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1 Growth Stock to Buy and Hold Forever

TD Bank logoWhen it comes to dividend yields, bigger isn’t necessarily better.

Case in point: Toronto Dominion Bank (TSX: TD)(NYSE: TD).

Today, Canada’s largest lender by assets yields only 3.4%. That’s the bottom of the barrel among the country’s big banks.

Yet investors who have passed over the stock based on its yield alone have missed out on some phenomenal dividend increases.

It’s this kind of long-term commitment that sets TD Bank apart from most stocks in the marketplace. The company has been able to maintain its payout in good times and bad — it hasn’t missed a dividend payment to shareholders since 1857.

That payout is still growing. Last February, TD Bank hiked its quarterly dividend 9% to $0.47 per share — one of the largest increases in the company’s history. Since the end of the financial crisis in 2009, TD Bank has increased its dividend at the fastest rate of any large bank.


Yield 5-Year Dividend Growth

Royal Bank of Canada

3.80% 7.3%

TD Bank

3.43% 9.0%

Bank of Nova Scotia

3.63% 5.49%

Bank of Montreal

4.07% 1.66%


4.12% 2.41%

Source: Google Finance

Over the past 15 years, the bank has increased its dividend by 150%. If you had bought and held the stock over that time, the yield on your original investment would have been 10.7% today.

The key ingredient to this success is the company’s U.S. expansion. Thanks to good old-fashioned Canadian conservatism, TD Bank was well-capitalized heading into the financial crisis. With U.S. banks weakened by bad loans and defaults, the company could quickly build out its U.S. network on the cheap.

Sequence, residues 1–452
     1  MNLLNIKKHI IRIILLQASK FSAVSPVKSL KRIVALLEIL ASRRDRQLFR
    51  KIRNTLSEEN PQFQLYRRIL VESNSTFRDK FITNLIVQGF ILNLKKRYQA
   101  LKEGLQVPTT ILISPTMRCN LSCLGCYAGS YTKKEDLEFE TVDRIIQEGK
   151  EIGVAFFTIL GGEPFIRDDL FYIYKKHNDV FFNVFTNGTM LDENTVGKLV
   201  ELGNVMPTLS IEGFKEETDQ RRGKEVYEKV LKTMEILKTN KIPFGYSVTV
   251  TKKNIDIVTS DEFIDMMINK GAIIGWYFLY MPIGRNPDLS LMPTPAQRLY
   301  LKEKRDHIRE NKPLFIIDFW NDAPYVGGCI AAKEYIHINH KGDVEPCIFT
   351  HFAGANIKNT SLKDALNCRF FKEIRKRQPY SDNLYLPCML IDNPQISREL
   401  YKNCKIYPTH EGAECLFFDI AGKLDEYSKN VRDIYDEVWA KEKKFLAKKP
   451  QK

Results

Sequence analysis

Now that bet is starting to pay off. Last quarter, deposits and loans grew 8% and 10% year over year respectively. Net income increased 15% compared to the same period last year, making U.S. retail banking the fastest-growing division within the company.

Investors can count on those gains to accelerate in upcoming quarters. Every economic indicator, like home sales, jobs, auto sales, and housing prices, is improving. That means more mortgages, more credit cards, and fewer defaults.

TD Bank’s Canadian operations are also “firing on all cylinders” according to Tim Hockey, Group Head of the bank’s domestic banking division. With the stock market hitting new highs, the company’s wealth management division is posting strong results thanks to growing mutual fund sales and more assets under management. The bank is still building out its Canadian retail banking with the acquisition of Aeroplan from Canadian Imperial Bank of Commerce (TSX: CM)(NYSE: CM) last year.

To be sure, not everyone is impressed. Over the past few years, its U.S. operations have struggled to generate returns on capital far north of 6%, and a Canadian real estate slowdown would certainly slow growth.

However, TD Bank’s U.S. expansion is starting to pull its own weight. Last quarter, the division generated a return on equity of 9.1%, which was roughly in line with the bank’s cost of capital. With the country’s economy improving, investors can expect that figure to grow further.

TD Bank has done a lot to mitigate its exposure to any Canadian real estate bubble. Chief Executive Ed Clark has been discussing these risks in the company’s conference calls since 2011. Management has taken a number of steps, including allocating capital away from personal loans to commercial lending and other divisions.

Don’t skip over TD Bank because of its measly payout today. While the stock’s yield is lower than those of its peers, the company has the best growth prospects in the sector. That should mean a growing stream of dividends for income-hungry investors.

This article represents the opinion of the writer, who may disagree with the “official” recommendation position of a Motley Fool premium service or advisor. We’re Motley! Questioning an investing thesis — even one of our own — helps us all think critically about investing and make decisions that help us become smarter, happier, and richer, so we sometimes publish articles that may not be in line with recommendations, rankings or other content.

Fool contributor Robert Baillieul has no positions in any of the stocks mentioned in this article. 

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